How Christian nurses converse with patients about spirituality
Article first published online: 3 APR 2014
© 2014 John Wiley & Sons Ltd
Journal of Clinical Nursing
Volume 23, Issue 19-20, pages 2886–2895, October 2014
How to Cite
Pfeiffer, J. B., Gober, C. and Taylor, E. J. (2014), How Christian nurses converse with patients about spirituality. Journal of Clinical Nursing, 23: 2886–2895. doi: 10.1111/jocn.12596
- Issue published online: 22 SEP 2014
- Article first published online: 3 APR 2014
- Manuscript Accepted: 25 FEB 2014
- Loma Linda University School of Nursing Seed
- spiritual care;
Aims and objectives
To describe the experience of conversing with clients to provide spiritual care from the perspective of Christian nurses identified as exemplary spiritual caregivers. More specifically, findings presented here describe the goals and strategies of these nurses when conversing with patients about spirituality.
Although verbal communication is pivotal to most spiritual care interventions recognised in the nursing literature, there is scant empirical evidence to inform such spiritual care. There is evidence, however, that many nurses have discomfort and difficulty with conversations about spirituality.
Cross-sectional, descriptive, qualitative design framed by phenomenology.
Semi-structured interviews were conducted with 14 southern California registered nurses working in varied clinical settings. Data were coded and thematically analysed by three researchers who established equivalency. Methods to support the trustworthiness of the findings were employed.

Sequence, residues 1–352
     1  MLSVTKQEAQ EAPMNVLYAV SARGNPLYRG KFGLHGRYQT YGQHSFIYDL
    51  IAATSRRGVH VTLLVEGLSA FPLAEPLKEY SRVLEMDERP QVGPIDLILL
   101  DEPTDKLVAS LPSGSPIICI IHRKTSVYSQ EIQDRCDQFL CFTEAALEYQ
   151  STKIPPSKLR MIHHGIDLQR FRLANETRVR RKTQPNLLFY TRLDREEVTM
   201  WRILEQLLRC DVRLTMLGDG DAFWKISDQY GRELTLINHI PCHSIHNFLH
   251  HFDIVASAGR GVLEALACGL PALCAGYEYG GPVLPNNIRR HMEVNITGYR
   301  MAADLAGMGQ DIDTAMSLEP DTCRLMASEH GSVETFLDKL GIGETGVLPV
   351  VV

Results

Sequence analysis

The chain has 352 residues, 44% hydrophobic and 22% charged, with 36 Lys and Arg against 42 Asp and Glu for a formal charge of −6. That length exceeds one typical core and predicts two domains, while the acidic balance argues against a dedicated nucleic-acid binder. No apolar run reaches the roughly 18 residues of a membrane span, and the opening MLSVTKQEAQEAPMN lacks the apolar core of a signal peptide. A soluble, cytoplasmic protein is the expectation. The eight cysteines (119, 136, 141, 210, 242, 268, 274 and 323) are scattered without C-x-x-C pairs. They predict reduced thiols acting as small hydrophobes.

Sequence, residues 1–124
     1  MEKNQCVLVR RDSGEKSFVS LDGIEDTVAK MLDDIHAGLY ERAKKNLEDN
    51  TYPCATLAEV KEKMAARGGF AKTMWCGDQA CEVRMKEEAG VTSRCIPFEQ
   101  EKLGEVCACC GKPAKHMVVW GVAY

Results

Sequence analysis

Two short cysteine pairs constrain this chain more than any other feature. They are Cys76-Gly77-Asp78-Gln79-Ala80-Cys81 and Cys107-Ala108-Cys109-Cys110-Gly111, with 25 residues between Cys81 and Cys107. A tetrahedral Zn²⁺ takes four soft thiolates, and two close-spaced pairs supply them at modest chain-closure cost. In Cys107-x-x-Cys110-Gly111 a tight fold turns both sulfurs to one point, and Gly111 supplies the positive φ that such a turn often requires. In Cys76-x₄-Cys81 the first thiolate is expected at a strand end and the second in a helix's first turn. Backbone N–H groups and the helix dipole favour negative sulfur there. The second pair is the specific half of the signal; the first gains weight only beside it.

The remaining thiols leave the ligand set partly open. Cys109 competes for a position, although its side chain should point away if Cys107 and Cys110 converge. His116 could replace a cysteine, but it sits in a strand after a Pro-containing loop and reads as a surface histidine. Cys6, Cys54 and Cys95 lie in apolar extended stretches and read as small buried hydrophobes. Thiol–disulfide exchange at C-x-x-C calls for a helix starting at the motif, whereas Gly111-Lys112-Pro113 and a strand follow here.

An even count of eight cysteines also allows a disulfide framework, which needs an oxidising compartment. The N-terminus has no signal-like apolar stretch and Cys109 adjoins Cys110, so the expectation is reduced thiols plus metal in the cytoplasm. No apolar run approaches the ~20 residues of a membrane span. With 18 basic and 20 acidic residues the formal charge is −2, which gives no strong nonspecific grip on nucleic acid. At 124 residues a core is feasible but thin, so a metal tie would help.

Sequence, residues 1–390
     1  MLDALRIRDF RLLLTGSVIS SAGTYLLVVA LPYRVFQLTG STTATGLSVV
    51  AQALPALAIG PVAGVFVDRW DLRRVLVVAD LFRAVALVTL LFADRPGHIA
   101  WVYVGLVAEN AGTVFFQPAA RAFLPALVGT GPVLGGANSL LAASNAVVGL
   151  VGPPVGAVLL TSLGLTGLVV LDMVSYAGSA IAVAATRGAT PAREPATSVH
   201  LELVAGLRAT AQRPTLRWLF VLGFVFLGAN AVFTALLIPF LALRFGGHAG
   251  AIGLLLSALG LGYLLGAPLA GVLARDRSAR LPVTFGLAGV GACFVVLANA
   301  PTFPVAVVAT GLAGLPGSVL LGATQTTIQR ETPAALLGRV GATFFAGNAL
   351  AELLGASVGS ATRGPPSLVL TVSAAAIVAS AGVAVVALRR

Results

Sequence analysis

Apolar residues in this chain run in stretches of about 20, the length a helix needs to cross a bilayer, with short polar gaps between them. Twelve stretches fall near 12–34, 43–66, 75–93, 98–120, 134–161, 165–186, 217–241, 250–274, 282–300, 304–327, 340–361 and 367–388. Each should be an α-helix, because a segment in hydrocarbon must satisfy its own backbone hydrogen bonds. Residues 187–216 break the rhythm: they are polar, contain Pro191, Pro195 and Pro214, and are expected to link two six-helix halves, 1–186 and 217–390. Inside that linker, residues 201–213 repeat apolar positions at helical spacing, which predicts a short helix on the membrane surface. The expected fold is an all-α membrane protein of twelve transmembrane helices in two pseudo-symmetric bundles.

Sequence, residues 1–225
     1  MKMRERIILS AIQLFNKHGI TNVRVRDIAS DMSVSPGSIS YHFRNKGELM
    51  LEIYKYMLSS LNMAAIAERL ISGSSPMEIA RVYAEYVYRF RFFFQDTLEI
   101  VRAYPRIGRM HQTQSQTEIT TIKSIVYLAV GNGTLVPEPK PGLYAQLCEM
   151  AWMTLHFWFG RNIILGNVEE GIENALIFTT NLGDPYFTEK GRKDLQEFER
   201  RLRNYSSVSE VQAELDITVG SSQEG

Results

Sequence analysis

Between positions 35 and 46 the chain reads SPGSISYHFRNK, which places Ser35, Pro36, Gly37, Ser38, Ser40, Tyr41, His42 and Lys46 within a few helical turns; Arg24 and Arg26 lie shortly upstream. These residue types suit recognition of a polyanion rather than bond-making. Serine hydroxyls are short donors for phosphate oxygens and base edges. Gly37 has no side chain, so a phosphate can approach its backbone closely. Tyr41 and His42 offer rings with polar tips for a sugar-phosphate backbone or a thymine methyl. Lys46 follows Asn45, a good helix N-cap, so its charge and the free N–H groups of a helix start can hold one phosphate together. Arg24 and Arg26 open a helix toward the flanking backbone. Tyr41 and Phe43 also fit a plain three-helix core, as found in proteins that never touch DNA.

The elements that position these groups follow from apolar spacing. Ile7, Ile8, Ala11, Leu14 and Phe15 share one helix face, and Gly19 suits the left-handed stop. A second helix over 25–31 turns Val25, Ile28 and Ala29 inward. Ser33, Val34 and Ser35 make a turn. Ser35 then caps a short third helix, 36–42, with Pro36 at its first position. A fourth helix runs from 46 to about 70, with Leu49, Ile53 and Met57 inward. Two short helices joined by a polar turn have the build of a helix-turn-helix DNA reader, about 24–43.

Themes providing structure to the description of how nurses converse with patients about spirituality included assessing and establishing connection, overt introductions of spirituality, finding spiritual commonality, self-disclosure, spiritual encouragement, spiritual advice or religious teaching, and prayer. Requisite to any spiritual care conversation, however, was ‘allowing them (patients) to talk’. Informants tread ‘gently and softly’ in approaching spiritual discourse, assessing for any patient resistance, and not pushing further if any was met.
Findings illustrate compassionate nursing with specifiable goals and strategies for conversations about spirituality; they also raise questions about how nurse religious beliefs are to ethically inform these conversations.
Relevance to clinical practice
The Invitation, Connection, Attentive care, Reciprocity mnemonic is offered as a means for nurses to remember essentials for communication with patients about spirituality.